Colo. County Loses Church Zoning Battle

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A Colorado church can move forward with its plans to expand now that it has won its case in court.

On Monday, a federal court ordered Boulder County to approve Rocky Mountain Christian Church's building permit. The church wanted to more than double its campus to 240,000 square feet from about 106,000 square feet near Niwot.

The church had challenged the county's denial of a special-use permit under the federal Religious Land Use and Institutionalized Persons Act, which protects churches from discriminatory land-use laws.

In the ruling Monday, the 10th U.S. Circuit Court of Appeals said the court cannot substitute its judgment for the jury's. It upheld U.S. District Judge Robert Blackburn's order that the county approve the permit.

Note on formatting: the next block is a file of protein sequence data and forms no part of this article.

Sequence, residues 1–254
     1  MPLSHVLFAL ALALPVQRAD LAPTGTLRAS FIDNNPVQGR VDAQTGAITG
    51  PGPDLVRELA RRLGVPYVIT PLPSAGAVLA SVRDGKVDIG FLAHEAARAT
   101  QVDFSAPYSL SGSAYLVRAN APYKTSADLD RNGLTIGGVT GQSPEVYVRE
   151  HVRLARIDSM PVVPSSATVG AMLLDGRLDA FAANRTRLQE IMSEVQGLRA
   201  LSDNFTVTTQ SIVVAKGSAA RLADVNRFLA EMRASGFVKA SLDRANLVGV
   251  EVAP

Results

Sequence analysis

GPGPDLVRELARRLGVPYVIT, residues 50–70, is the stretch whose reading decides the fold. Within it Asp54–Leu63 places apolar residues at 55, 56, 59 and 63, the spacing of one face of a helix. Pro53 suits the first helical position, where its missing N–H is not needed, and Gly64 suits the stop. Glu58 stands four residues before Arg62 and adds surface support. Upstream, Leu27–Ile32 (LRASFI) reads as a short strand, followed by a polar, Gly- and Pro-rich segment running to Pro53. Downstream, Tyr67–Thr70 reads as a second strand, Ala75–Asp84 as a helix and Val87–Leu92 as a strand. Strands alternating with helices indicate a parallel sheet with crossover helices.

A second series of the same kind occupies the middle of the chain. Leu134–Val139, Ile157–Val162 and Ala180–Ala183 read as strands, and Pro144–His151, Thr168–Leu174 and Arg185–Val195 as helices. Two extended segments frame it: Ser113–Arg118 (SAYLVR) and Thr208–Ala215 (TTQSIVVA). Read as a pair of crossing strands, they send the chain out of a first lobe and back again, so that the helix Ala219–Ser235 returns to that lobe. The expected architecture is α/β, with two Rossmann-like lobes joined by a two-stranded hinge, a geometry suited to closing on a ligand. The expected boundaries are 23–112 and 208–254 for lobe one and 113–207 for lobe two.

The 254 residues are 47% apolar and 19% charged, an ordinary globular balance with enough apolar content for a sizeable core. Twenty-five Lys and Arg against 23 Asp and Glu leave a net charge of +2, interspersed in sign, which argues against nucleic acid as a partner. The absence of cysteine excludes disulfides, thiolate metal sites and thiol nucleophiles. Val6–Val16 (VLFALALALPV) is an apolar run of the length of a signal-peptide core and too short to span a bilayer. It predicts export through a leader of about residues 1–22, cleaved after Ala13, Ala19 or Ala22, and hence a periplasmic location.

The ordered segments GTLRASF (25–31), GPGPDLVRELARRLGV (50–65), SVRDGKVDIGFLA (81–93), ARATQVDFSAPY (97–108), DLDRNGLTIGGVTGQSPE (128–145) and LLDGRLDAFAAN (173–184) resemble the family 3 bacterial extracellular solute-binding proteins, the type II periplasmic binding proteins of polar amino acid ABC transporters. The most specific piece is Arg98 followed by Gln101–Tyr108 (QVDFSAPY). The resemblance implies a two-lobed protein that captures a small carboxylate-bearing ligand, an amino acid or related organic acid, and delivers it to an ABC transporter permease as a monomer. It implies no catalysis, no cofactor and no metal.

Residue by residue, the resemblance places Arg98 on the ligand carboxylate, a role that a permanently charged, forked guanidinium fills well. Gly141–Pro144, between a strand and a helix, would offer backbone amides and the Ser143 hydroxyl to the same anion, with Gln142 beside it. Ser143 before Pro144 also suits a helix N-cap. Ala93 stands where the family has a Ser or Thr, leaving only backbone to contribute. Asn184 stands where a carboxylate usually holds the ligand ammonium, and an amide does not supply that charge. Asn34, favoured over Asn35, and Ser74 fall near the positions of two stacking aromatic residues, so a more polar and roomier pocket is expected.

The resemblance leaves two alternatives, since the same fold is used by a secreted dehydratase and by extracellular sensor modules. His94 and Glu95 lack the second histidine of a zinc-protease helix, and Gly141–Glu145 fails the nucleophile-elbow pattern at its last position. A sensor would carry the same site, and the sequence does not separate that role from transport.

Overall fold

Pastor Alan Ahlgrim said the church has opened another large campus in nearby Frederick since it applied for the expansion permit in 2004.

"We got caught in that legal quagmire," he said. "We'll see what God has in store for our future. This was about keeping our options open."

The county was also ordered to pay the church's legal fees, which have climbed to $1.34 million.

In 2008, a jury found that the county's zoning laws were unfairly applied to churches, but the county appealed.

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